“He has figured out what makes him happiest, and it’s doing the little bit that he can to nudge the people he loves toward their own contentment…Here’s what happened, on this milestone birthday of his, when we finally found the right blackjack table and fanned out around him and it was time for his trick:
He asked each of us — his kids, our life mates — to stretch out a hand. And into every palm he pressed two crisp hundred-dollar bills, so that our initial bets would be on him and we would start out ahead of the game.
“See?” he said. “You’re already a winner.”
That was it — his secret for blackjack, which is really his secret for life, and has nothing, obviously, to do with the money, which we’re blessed enough not to need too keenly and he’s blessed enough not to miss too badly.
It has to do with his eagerness, in this late stage of life, to make sure that we understand our primacy in his thoughts and his jubilation in our presence. It has to do with his expansiveness.”
Finally, a fascinating article in Food and Wine on the science of how our palates mature over time, allowing us to embrace and develop a taste for foods we’d previously disliked.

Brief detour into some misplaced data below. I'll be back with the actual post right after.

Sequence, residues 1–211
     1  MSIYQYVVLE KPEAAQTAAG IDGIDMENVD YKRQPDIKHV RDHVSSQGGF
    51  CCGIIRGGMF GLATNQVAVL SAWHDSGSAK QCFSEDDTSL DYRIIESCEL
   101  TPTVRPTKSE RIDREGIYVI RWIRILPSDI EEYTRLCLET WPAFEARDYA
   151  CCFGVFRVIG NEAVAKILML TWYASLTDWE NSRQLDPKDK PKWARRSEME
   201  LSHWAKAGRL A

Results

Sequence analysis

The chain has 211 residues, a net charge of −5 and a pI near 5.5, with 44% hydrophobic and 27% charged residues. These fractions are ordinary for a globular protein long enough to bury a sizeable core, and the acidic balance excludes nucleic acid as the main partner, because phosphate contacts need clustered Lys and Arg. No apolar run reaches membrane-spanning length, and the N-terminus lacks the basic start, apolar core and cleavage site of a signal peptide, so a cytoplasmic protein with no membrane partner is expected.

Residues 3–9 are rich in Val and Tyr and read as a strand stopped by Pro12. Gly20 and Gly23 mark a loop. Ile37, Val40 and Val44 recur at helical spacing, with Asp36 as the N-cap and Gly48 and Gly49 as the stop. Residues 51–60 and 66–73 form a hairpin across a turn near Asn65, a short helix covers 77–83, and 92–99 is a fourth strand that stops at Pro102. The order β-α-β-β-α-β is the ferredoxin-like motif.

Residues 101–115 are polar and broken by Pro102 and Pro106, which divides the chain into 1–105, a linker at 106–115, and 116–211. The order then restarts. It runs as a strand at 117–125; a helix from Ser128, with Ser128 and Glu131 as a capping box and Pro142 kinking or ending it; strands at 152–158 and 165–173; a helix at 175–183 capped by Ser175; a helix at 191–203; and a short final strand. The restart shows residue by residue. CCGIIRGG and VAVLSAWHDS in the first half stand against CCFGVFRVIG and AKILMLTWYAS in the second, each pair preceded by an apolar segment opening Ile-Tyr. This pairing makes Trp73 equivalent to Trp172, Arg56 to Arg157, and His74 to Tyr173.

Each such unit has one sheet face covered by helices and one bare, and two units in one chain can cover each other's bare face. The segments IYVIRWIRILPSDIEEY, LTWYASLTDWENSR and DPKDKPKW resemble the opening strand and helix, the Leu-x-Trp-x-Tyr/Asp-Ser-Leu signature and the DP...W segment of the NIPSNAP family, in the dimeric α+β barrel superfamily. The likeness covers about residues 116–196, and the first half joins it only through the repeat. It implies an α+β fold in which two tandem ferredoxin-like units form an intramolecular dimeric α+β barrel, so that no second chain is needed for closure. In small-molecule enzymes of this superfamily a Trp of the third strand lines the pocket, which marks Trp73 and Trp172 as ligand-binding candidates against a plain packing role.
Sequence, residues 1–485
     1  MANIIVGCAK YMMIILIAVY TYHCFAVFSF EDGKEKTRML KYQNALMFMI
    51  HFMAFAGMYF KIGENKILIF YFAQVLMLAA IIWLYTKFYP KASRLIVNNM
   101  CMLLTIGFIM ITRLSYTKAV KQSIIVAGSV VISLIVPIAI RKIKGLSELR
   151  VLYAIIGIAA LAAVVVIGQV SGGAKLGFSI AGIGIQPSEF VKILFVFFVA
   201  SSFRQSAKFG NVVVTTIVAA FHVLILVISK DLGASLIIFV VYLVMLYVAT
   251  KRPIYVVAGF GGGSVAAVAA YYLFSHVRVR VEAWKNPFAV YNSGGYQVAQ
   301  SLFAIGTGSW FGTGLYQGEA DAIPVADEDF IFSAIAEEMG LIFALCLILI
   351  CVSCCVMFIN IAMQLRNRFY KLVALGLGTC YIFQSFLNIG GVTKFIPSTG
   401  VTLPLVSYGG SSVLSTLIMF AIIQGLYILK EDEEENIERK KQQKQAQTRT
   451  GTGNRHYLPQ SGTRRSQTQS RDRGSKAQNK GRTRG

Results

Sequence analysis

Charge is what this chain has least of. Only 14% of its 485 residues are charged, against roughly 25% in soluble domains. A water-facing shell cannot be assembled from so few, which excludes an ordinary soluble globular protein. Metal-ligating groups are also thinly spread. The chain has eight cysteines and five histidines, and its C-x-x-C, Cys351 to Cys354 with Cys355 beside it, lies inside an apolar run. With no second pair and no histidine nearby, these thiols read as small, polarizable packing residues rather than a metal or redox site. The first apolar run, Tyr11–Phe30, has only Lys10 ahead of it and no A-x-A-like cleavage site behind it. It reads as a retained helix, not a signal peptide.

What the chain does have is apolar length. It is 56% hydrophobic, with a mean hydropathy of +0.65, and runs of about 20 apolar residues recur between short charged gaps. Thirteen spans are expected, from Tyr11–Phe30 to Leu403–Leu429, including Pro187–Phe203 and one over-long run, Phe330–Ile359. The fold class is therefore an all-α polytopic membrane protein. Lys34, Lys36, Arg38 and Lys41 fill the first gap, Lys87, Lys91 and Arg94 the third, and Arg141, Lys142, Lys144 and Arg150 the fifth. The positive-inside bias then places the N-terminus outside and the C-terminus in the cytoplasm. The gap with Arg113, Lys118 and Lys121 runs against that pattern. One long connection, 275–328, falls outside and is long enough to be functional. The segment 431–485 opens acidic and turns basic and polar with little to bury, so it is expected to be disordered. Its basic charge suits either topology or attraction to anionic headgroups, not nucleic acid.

I wish you a restful Sunday and a great start to the week ahead!
True to my promise, I can start this post with the following statement: it’s really good to be home. There’s so much to say about how nice it is to be back, but I’m staring out at a sea of boxes and belongings, and time is of the essence if I’m ever to get settled into the new digs. So, let’s skip right ahead to Weekend Reading, and I’ll say more about my homecoming later. Let’s begin on a high note: avocado sea…
It’s been about two weeks since I took the RD exam. I’ve been easing back into things very gradually, giving myself time to appreciate the closing of one chapter and the start of another. This was the first weekend in a very, very long time in which I not only didn’t work, but didn’t feel that I should be working. I’ve struggled a lot with time scarcity in the past few years: a constant, low-grade anxiety about scheduling, planning, and falling behind. At…
“When you don’t know what to do or how to move forward, stand still.” This is a piece of advice that my mother gave me during my post-bacc years. That time in my life was marked by a lot of indecision and agonized choices–most often, the choice of whether or not to keep going with my program for another semester or not. I’d receive yet another poor score or a discouraging comment or simply be hit with a spell of burnout, and I’d doubt what…
Happy December, friends! It’s been a somewhat rocky entrance to the month for me, as the past week was full of personal unrest. I slipped into patterns of behavior that feel like me at my worst—stuff so old and habitual and frustrating to me that I don’t even want to write about it. Here’s the interesting news: I’ve somehow managed to regard a bunch of varied relapses—relapses in thought patterns and compulsive behaviors—with an unusually compassionate and non-judgmental gaze. This wasn’t a conscious…